4. 4
    tiberiusbeauregard

    Well, there is 1 difference though: Mandela has actually contributed something to society. Diana hasn’t.

  5. 5
    CaitieCat, in no way a robot nosireebot

    Not strictly true; she did a great deal for raising AIDS awareness and helping to destigmatize the disease, as well as lending her fame to the anti-land-mine campaigns. I’ve never been a huge fan of the royals or celebrity, but it’s not fair to say she didn’t contribute. I’d say she contributed, given her position, more than we expect of most royals. In the early 80s, she was one of the very first famous people to really get involved in AIDS activism, regularly visiting wards of the sickest and dying patients to spend time with people who were in a bad way, at a time when the disease was still widely viewed as a retribution against reviled queerfolk. When panic about the disease’s transmissibility meant that many PWA found human touch to be a rare commodity, she went into wards, sat with people, hugged them and shook hands, and did it all on camera so as to be able to make the point that they were people with an illness, not immoral perverts who didn’t deserve the dignity of human touch, let alone any compassion.

    She may not have done any lab testing or scientific advance, but it is fair to say she contributed what she had – her celebrity and her compassion – to people sorely in need of it at the time.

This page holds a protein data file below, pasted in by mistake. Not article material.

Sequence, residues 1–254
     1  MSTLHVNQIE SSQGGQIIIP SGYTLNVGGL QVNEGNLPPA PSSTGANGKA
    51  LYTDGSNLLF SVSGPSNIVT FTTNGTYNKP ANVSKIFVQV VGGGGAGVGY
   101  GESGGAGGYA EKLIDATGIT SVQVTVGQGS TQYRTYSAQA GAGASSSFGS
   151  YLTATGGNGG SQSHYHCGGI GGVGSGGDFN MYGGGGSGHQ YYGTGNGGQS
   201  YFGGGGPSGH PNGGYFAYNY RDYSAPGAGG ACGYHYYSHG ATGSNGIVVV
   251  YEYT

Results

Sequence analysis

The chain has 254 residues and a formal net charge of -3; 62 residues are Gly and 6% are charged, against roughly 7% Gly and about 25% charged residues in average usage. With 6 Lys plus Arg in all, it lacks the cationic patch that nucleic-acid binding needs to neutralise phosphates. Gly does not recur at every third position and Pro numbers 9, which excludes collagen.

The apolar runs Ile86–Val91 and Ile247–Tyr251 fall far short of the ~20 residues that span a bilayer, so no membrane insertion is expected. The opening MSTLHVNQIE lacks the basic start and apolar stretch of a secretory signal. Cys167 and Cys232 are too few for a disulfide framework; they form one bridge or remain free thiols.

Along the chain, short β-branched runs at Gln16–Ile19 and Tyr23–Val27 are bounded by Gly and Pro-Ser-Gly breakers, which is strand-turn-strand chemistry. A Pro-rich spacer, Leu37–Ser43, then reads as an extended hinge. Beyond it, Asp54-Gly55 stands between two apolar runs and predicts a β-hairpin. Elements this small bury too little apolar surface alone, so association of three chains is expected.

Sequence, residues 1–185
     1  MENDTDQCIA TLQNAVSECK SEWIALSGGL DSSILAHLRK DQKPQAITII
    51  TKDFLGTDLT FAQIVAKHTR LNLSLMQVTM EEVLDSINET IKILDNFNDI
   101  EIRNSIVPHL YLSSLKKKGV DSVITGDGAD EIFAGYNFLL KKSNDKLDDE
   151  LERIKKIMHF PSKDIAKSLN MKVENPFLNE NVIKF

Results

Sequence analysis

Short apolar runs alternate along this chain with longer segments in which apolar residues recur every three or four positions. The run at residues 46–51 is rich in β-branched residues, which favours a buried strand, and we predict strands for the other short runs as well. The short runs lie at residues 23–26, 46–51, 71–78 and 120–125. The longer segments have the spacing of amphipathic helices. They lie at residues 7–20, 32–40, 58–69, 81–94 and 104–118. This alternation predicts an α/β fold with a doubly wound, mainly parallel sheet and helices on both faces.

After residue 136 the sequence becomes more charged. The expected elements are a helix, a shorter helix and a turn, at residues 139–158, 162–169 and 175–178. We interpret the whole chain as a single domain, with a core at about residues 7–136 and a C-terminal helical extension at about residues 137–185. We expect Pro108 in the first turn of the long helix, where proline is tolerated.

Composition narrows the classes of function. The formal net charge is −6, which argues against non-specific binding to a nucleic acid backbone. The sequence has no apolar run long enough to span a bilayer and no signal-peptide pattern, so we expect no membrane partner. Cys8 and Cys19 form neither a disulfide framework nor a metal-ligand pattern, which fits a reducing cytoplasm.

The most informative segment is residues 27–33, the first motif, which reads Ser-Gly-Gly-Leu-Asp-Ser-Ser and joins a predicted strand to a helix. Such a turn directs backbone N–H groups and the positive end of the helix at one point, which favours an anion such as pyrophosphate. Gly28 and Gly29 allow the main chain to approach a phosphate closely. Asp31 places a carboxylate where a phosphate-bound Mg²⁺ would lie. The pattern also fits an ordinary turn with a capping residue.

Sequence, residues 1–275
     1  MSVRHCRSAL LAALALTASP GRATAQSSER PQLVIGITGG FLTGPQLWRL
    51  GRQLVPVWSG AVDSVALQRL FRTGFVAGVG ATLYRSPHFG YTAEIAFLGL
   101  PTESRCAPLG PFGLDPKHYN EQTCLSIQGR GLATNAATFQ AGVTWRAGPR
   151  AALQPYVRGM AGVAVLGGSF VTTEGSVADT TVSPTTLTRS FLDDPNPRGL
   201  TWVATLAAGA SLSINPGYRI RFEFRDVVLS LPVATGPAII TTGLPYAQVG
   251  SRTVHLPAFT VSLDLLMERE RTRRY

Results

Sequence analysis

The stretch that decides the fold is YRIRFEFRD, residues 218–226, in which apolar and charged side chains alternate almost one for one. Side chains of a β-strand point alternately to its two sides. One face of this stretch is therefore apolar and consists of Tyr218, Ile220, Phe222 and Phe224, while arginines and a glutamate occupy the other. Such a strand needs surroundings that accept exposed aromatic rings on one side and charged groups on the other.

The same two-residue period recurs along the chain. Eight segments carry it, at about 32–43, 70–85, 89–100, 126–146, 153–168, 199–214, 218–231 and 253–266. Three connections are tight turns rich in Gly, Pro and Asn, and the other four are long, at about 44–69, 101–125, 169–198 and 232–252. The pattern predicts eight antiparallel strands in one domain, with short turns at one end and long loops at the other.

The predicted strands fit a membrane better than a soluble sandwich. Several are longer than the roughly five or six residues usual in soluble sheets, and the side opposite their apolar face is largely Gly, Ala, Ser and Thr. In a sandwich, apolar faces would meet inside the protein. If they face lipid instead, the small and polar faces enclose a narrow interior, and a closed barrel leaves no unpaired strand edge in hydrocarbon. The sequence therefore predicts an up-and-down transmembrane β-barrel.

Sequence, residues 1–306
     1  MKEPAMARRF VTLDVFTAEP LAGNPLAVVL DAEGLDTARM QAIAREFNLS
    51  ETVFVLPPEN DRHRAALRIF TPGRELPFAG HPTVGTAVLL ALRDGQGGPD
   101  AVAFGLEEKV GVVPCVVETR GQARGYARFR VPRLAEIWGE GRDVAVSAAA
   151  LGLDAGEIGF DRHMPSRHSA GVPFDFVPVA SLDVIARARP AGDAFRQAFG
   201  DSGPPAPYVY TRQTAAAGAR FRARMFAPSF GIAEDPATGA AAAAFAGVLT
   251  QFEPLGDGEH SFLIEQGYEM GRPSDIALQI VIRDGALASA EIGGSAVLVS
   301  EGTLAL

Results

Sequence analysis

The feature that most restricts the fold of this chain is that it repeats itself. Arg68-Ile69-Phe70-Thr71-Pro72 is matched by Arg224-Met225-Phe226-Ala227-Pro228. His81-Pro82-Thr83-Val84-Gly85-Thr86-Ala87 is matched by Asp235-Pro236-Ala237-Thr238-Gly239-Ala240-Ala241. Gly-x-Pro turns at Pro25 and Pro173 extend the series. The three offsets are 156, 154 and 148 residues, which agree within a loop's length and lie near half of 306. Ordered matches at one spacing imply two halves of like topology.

6. 6
    Tauriq Moosa

    Thanks, CaitieCat. Great response.

  7. 7
    kacyray

    Caitie – Your story of how you felt when your father died reminded me of my own experience of my parents dying in a car crash. I went into a state of shock and remained that way until after the funeral. It was actually the funeral itself that released me from that state.

    You were likely in shock as well. It’s the most likely and most natural response to the sort of tragedy you were experiencing.

    One of the unfortunate characteristics of shock is that the symptoms are indistinguishable from other potential responses – particularly ambivalence. My wife was absolutely convinced that my failure to cry uncontrollably about their death was an attempt to try to be tough in her presence. It wasn’t that at all – my response was not volitional. It was legitimate clinical shock triggered by the sudden loss of both of my parents, and it lasted about a week.

    This is why I am always skeptical when I hear someone assess someone else’s feelings about an intense situation based on their reported response.You hear about this sort of thing a lot, particularly in cases where someone is suspected of killing someone else and their emotional response to that person’s death is cited as some sort of evidence (He didn’t even cry at her funeral!). People don’t account for shock, and in failing to do so, they assign all sorts of motives to whatever response they perceive.

    They (royals) may or may not have been coached in maintaining their composure, but I can attest to the idea that it likely did not matter. Their responses likely weren’t up to them. They were likely still grappling with the enormity of what was going on around them, and the permanence of the loss of their mother.